During this season of remembrance, celebration,and hope in the Incarnation of Christ, we must also look forward to the world-wide blessing of Epiphany and the revelation of Christ to the entire world. This is what each and all of these dear men and women were going about doing. Their sacrifices are not in vain, the legacy of faith continues, and the call to stand up against oppressors regardless of their country or government of allegiance is one that each and all of us who know Christ needs to heed. Whether Catholic, Episcopalian, Anglican, Lutheran, Evangelical, Charismatic, or others who name Christ as Lord and Savior we can stand together as the Body of Christ in unified, Spirit-led support of the weak and the marginalized and in opposition to all that attempts to hold any person as less significant than what we are all created to be as bearers of God’s own image.

    Blessings in Christ to you, my sister.

    • Rebecca Hamilton

      Thank you for this beautiful — and true — comment.

  • Peg

    Thank you for this beautiful post and remembrance on this beautiful feast day. I’ve often prayed for healing for others from Archbishop Romero for a miracle for sainthood. I can still hear Raul Julia’s powerful performance of that preaching in my ears. The sisters have always held a place in my heart but I did not know about Father Rother. Thank you for sharing his story.

    My friends and I were young hippie preppy protesters then trying to take a stand against the school of the Americas and the divisive politics of those days. It was becoming easy to hate Reagan and the republicans,especially when he fired my husband an air traffic controller.

    Thank God for our faith and saints to guide us to a better more centered and peaceful place from which to stand and serve.

    Much like central America, the Palestinian situation needs lots of prayer and discernment.

    Here,s to a strong year of faith for all of us! Keep leading us on Rebecca.

  • Lily

    Thank you for the stories of these beautiful saints. We have so much to be thankful for.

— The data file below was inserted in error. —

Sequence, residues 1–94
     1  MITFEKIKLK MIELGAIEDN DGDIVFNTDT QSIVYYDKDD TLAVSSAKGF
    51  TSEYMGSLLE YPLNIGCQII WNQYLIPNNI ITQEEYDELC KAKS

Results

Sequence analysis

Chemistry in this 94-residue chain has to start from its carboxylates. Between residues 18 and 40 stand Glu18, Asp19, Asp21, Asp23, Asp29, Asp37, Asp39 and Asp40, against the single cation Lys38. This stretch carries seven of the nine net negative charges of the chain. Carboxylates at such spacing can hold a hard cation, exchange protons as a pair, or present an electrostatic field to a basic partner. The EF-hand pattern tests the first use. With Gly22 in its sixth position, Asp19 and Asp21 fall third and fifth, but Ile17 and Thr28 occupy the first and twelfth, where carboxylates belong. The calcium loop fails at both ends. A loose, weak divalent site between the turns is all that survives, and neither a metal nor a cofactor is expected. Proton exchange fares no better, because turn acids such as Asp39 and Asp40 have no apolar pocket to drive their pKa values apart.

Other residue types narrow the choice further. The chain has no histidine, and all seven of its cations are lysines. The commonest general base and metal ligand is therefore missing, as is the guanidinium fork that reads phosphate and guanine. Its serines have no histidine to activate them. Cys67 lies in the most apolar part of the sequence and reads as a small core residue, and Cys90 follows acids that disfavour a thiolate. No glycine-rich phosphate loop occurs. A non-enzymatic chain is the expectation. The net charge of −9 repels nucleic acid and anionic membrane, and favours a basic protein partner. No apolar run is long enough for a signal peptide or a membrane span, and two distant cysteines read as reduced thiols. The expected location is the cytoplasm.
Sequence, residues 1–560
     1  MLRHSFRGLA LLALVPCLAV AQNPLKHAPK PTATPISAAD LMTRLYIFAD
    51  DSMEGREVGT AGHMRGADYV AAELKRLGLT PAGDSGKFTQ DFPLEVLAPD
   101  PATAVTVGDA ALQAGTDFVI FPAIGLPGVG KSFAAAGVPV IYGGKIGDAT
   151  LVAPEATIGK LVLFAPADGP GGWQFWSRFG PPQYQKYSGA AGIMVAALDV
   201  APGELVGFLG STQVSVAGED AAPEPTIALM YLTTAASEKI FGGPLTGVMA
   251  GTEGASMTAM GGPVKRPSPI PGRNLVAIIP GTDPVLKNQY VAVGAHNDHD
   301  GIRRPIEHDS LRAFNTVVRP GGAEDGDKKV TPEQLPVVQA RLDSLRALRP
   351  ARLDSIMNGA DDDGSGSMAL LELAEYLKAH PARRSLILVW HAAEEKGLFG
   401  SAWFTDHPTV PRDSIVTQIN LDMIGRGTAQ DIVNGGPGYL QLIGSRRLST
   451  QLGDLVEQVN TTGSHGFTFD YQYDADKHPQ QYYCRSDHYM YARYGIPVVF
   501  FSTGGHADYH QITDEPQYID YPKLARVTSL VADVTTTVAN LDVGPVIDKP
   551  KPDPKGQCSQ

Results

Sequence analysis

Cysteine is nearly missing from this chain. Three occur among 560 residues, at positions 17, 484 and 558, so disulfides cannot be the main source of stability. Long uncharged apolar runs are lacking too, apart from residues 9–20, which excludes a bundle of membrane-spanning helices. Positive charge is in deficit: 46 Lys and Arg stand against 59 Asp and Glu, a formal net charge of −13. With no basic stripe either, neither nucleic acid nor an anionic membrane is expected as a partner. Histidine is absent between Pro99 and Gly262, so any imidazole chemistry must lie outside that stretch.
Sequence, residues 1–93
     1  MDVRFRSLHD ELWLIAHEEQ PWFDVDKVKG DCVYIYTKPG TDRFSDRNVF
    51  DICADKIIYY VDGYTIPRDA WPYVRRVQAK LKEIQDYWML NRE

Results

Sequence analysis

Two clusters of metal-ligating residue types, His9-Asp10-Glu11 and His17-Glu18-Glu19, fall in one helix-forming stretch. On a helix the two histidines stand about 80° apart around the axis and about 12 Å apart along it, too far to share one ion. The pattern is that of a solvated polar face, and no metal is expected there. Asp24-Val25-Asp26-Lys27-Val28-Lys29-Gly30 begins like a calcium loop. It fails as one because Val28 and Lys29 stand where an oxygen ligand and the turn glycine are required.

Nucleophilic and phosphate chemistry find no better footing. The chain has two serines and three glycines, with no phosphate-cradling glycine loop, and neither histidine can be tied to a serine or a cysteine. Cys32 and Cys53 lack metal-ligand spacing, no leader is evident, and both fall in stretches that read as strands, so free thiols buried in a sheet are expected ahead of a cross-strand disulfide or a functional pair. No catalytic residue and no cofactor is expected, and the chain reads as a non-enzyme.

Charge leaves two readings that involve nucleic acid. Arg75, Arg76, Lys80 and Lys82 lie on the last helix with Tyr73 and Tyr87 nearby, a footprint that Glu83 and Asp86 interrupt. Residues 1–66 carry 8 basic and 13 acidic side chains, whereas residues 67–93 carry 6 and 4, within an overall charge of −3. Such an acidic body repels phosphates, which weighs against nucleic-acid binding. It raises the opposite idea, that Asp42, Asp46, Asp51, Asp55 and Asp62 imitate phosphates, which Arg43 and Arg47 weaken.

• Rebecca Hamilton

      You’re welcome Lily. Yes, we do.

  • http://fpb.livejournal.com/ Fabio P.Barbieri

    There is a Saint in my family whose particular office might help many people on this list. St.Clelia Barbieri, 1840-1867, order founder and “patroness of people ridiculed for their piety .” In the current climate, that’s pretty much the whole Church. St.Clelia must be a pretty busy little Saint, which is how she would have liked it.

    • Rebecca Hamilton

      That’s fascinating Fabio. It does sound like she’s the perfect saint for today’s Catholic. How are you related to her?

  • http://fpb.livejournal.com/ Fabio P.Barbieri

    Not directly, obviously, since she was a nun. There are an awful lot of Barbieris in the lower Po area of northern Italy, between the provinces of Ferrara, Modena, Bologna and Rovigo, and they are all related somehow. They include a few more remarkable people: the great painter Guercino (Giovanni Francesco Barbieri), the historian and philologist Giovanni Maria Barbieri, who practically founded Romance philology in the sixteenth century, the revolutionary trouble hound Ulisse Barbieri, who spent more time in jail for conscience’s sake than out of it – nineteenth century – and was a rather good poet and dramatist, and my great-uncle, a professor of biological chemistry in the University of Bologna who had much to do with moving the neglected land of Romagna to its full potential as one of the most fertile territories in the world. There are Barbieris all over the rest of Italy, but this lot are surely connected, the others aren’t.

    • Rebecca Hamilton

      I understand. She’s a kin, but not quite sure what degree.

      • http://fpb.livejournal.com/ Fabio P.Barbieri

        It’s like being a member of a Scottish clan. If your name is Cameron, the current British Prime Minister is your kin, though you aren’t likely to be very close.